Titan Skin Tight - Who is a Candidate?
Doctor Answers 4
Candidates for Titan
Patients with mild to moderate skin laxity and wrinkles are good candidates for Titan. Patients who desire a more natural appearance and are looking for faster, less invasive procedures with little, if any, downtime. Patients have been successfully treated on many areas of the body where skin is lax. Loose skin on the abdomen, back of the upper arm, along the jaw line, and under the chin have responded particularly well to the procedure.
Titan best for patients with good skin tone, early skin laxity
Titan works best in patients with good skin tone and early skin laxity. That said, it will work for many patients not completely fitting this description, depending on expectations. A good evaluation at the time of consultation is always needed to determine patient needs vs desires and offer an honest discussion re what can be accomplished.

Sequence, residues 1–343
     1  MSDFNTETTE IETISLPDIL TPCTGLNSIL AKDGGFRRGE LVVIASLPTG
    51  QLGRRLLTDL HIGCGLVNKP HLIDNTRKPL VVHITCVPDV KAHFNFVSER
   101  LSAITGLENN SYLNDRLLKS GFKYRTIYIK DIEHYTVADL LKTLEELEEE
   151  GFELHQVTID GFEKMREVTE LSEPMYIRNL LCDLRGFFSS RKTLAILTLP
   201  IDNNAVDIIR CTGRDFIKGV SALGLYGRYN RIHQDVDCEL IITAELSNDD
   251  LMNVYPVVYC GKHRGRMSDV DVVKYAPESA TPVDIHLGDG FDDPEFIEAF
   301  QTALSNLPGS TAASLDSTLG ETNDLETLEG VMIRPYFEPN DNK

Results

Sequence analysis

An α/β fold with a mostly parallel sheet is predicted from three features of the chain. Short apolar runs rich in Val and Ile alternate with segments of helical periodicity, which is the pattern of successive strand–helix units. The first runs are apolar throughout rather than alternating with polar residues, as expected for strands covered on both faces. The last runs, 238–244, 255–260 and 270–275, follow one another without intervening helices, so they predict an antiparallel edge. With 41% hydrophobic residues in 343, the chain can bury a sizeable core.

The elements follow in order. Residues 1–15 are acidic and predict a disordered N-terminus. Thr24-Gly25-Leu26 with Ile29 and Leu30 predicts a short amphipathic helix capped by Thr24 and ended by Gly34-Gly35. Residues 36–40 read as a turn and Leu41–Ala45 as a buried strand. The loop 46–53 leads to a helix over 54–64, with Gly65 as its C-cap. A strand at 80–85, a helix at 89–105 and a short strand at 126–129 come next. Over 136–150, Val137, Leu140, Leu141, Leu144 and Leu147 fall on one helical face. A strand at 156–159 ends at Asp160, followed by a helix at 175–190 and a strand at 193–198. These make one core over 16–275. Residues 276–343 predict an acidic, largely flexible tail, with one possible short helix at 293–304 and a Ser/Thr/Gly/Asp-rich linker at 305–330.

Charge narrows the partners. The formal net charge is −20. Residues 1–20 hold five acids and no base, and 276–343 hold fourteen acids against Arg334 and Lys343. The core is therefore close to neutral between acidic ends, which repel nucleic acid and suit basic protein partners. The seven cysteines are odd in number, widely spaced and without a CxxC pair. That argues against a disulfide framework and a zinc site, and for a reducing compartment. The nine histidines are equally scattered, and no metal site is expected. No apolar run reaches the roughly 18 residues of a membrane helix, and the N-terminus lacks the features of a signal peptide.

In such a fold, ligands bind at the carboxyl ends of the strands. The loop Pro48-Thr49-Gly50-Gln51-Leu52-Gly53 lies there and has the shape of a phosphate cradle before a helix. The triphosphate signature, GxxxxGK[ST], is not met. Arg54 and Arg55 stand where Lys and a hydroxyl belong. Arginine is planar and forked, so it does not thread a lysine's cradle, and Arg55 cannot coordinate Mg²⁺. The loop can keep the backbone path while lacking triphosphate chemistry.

Skin Tightening with TITAN
Skin Tightening is known to be effective with several types of devices, TITAN by Cutera, being the first in the industry with infrared delivery. There are very few risks associated with laser skin tightening. The TITAN technology gently heats deeper layers of collagen while cooling the skin’s outer layers The best candidates for non-surgical skin tightening are people with mild to moderate skin laxity with a healthy deep dermis for improving elasticity. Often, combining this treatment with the laser GENESIS makes for optimal long-term results!
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Best candidates for Titan skin tightening
The best candidate for Titan treatment is someone with mild to moderate sagging. If you can pull the skin from your neck and reach your ears, then you're definitely not a good candidate for this procedure--you would need a facelift. You can get about 20-30% tightening after 3-4 treatments done a month apart.
These answers are for educational purposes and should not be relied upon as a substitute for medical advice you may receive from your physician. If you have a medical emergency, please call 911. These answers do not constitute or initiate a patient/doctor relationship.